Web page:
Pity the poor, revisionist legacy of 'Top Gun,' the highest-grossing film of 1986. Is it a masterpiece of populist, mainstream American moviemaking, or the most crap-tastic ode to '80s overindulgence ever put on film? Beloved by audiences upon its original release and praised by the military as the greatest recruitment film ever made, the film is hated by critics and has been lampooned by no less than Quentin Tarantino as the pinnacle of unintentionally campy homoeroticism. Truth be told, it's such an empty spectacle that it may just be the Rorschach test of cinema -- what you get out of it is exactly what you bring to it.
Like the rest of the western world, I too succumbed to the 'Top Gun' phenomenon in the summer of 1986, but while I thoroughly hated it at the time, twenty years later I can now embrace it as a movie so steeped in pretentious excess that it's not only hilarious, but it's downright heartwarming. The film's sheer transparency is arguably what makes it so endearing. The filmmakers don't even appear to try to disguise the narrative machinations -- instead, they seem to revel in them. The definition of cinematic style over substance, it's impossible to suspend one's disbelief while watching 'Top Gun' by ignoring the cliches, because the entire movie itself is a cliche.
It's hard to remember which came first -- Tom Cruise the superstar, or 'Top Gun.' As the film's Maverick, Cruise immediately went from that hot up-and-comer from 'Risky Business' to A-list icon the moment 'Top Gun' opened in theaters. Even if I want to bash Cruise's toothy, mega-watt smile into the roof of his cockpit throughout 'Top Gun,' I can't deny that only an actor of such youthful, cocky bravado could have anchored a movie as narratively paper-thin as this one.
If Cruise is about the only thing in 'Top Gun' with any genuine spark, his Maverick is a checklist of conventions. Every character development and contrived emotion seems ripped right out of the pages of Hollywood Screenwriting 101. A brash young fighter pilot, Maverick must confront his dead-daddy complex or risk self-destruction (check). Although his beautiful flight instructor (Kelly McGillis) will initially resist advances, ultimately their animal attraction will prove too strong to ignore (check). Maverick's bend-the-rules flying machismo will incur the wrath of rival pilot Iceman (Val Kilmer), until real-life peril will force them to work together to overthrow the enemy (check). And Maverick's straight-arrow best friend Goose (Anthony Edwards) will temper his reckless behavior and help soothe the ire of their frazzled superior (Tom Skerritt), until airborne tragedy will force Maverick into a last-minute crisis of faith before the third act climax (check).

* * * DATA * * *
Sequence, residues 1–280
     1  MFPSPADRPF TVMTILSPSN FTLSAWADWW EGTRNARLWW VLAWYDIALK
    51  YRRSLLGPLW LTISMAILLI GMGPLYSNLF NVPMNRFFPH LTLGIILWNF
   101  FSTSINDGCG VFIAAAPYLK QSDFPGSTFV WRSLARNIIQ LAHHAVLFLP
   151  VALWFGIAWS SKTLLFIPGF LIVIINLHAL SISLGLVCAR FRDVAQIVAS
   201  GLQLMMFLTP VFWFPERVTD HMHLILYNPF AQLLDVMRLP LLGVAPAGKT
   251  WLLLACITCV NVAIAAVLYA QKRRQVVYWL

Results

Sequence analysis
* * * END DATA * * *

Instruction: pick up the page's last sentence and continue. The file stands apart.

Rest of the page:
As directed by Tony Scott ('True Romance,' 'Deja Vu,' 'Crimson Tide'), 'Top Gun' was certainly visually arresting back in 1986. Scott uses every MTV-era trick in the book to vapid effect, utilizing quick-cut editing to create faux-tension in scenes where nothing dramatic is actually happening, and laying on the perfume-commercial cinematography so thick that even mere dialogue scenes look like a soft-core porn. But more than any other film of the '80s, 'Top Gun' is responsible for ushering in the era of the "music video movie." The inevitable soundtrack tie-in spawned such monster hits as Kenny Loggin's "Danger Zone" and Loverboy's "Heaven in Your Eyes," and the accompanying music videos made the songs inseparable from the flick -- it is possible to not be reminded of Cruise and McGillis making sweaty goo-goo eyes at each other every time you hear Berlin's Oscar-winning "Take My Breath Away?"
But as visually slick as it may be, 'Top Gun's highly-touted aerial dogfights always rated as a disappointment for me. I remember how ballyhooed Scott's supposedly pumped-up action was at the time, but really all we get are a bunch of close-ups of the actors barking orders at each other from their cockpits and endless shots of the underbelly of fighter planes flying in random directions. Scott does nothing to establish location, geography or even basic screen direction, and if it wasn't for the overbearing engine sounds revving on the soundtrack, there would be no adrenaline at all. These guys are supposed to be flying in the danger zone, but the combat scenes feel about as dangerous as an Atari game.
Although 'Top Gun's legacy at this point is arguably more about its success than what it's about, the film itself is not without its charms. In fact, I probably enjoyed the movie more on HD DVD than I ever have before, albeit not exactly in the way intended. Depending on your perspective, 'Top Gun' is either a landmark in modern commercial moviemaking, or one of the key turning points when Hollywood cinema officially went down the crapper. Regardless, viewed through the glowing haze of nostalgia, it's hard not to have fun revisiting this one so many years on.